Holly Hovan

Content from this Writer

woundwound assessment - skin tear on arm assessment - skin tear on arm
April 25th, 2018

By Holly M. Hovan MSN, APRN-ACNS-BC, CWOCN-AP

After determining our goals of wound treatment (healing, maintaining, or comfort/palliative), we need to choose a treatment that meets the needs of the wound and the patient.

The Importance of Palliative Care
April 5th, 2018

by Holly Hovan MSN, APRN-ACNS-BC, CWOCN-AP

As wound care clinicians, one of the first steps we take after meeting our patient and assessing their wound is identifying our treatment goals. Much like managing a complex medical problem, we need to identify if our goals of care are...

fistula management
February 15th, 2018

By Holly Hovan MSN, APRN, CWOCN-AP

A fistula is an abnormal opening between two areas that typically shouldn't be connected, or with an epithelialized tract. An example is an opening from the bowel to the abdominal wall, termed enteroatmospheric or enterocutaneous (the terms are...

patient repositioning
January 11th, 2018

By Holly Hovan MSN, APRN, CWOCN-AP

Friction and shear… what’s the difference and how do they cause pressure injuries? Are wounds caused by friction and shear classified as pressure injuries? What’s the easiest way to explain the differences between these critical components of...

patient mobility and activity
December 14th, 2017

By Holly Hovan MSN, APRN, CWOCN-AP

The Braden category of activity focuses on how much (or how little) the resident can move independently. A resident can score from 1 to 4 in this category, 1 being bedfast and 4 being no real limitations. It is important to keep in mind that...

enteral nutrition feeding
November 16th, 2017

By Holly Hovan MSN, APRN, CWOCN-AP

A common misconception by nurses is sometimes predicting nutritional status based on a resident's weight. Weight is not always a good predictor of nutritional status. Nutritional status is determined by many factors and by looking at the big...

Moisture on Skin
October 25th, 2017

When nurses hear the term moisture, they usually almost always think of urinary or fecal incontinence, or both. There are actually several other reasons why a patient could be moist. Continued moisture breaks down the skin, especially when the pH of the aggravating agent is lower (urine, stomach...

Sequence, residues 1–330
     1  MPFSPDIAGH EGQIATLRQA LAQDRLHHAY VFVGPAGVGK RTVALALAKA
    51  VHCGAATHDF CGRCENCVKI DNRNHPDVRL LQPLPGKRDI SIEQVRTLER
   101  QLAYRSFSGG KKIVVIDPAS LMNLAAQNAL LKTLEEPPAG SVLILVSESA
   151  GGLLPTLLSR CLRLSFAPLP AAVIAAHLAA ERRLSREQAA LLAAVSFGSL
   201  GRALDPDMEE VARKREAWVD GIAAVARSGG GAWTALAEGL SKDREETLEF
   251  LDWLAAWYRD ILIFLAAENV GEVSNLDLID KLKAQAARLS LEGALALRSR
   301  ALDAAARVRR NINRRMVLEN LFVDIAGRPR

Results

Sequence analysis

peroperative ostomy siting
October 4th, 2017

By Holly Hovan MSN, APRN, CWOCN-AP

When marking a patient for a stoma, it is important to consider the practice based on evidence acquired by the WOC nurse during training and experience. Stoma siting procedures are based on evidence-based practices. As Mahoney (2015) discusses,...

neuropathy testing for sensory perception (Braden Scale)
September 13th, 2017

By Holly Hovan MSN, APRN, CWOCN-AP

As wound care professionals, the Braden Scale is near and dear to our hearts. With that in mind, our evidence-based tool needs to be used correctly in order to yield accurate results. Working with long-term care and geriatric populations opens...

comparison
August 3rd, 2017

By Holly Hovan MSN, APRN, CWOCN-AP

As wound care clinicians, we are aware that part of the process of consulting requires a comprehensive wound assessment, looking at wound characteristics, causative factors, and drainage. As I've previously mentioned, we've all heard the term, "...

elderly patient skin tear prevention
June 29th, 2017

Holly M. Hovan MSN, APRN, ACNS-BC, CWON-AP

I'm sure you're all familiar with the terms "prednisone skin," "thin skin," "fragile skin," or "easily bruises." One or all of these phrases are commonly used to describe our geriatric population's aging skin. As we age, so does our skin...

Calciphylaxis
June 2nd, 2017

By Holly Hovan MSN, APRN, ACNS-BC, CWON-AP

In patients with end stage renal disease (ESRD), there is a decreased renal clearance that causes an increase in phosphorus, then calcium, in the body. Elevation of these two electrolytes causes the parathyroid gland to secrete...

staff education in wound care
May 19th, 2017

By Holly Hovan MSN, APRN, ACNS-BC, CWON-AP

As I am sure we are all well aware, not everyone loves wounds, ostomies, and continence as much as we do. Some nurses just do not have the passion (or desire) to perform wound care and learn about different modalities. On the other hand...

wound care education
April 13th, 2017

by Holly Hovan MSN, APRN, ACNS-BC, CWON-AP
Unit specific, evidence-based training and continued follow up are integral to the success of our pressure injury prevention program. The unit-based skin care nurses (UBSCNs) are at the frontline of prevention, along with all nursing...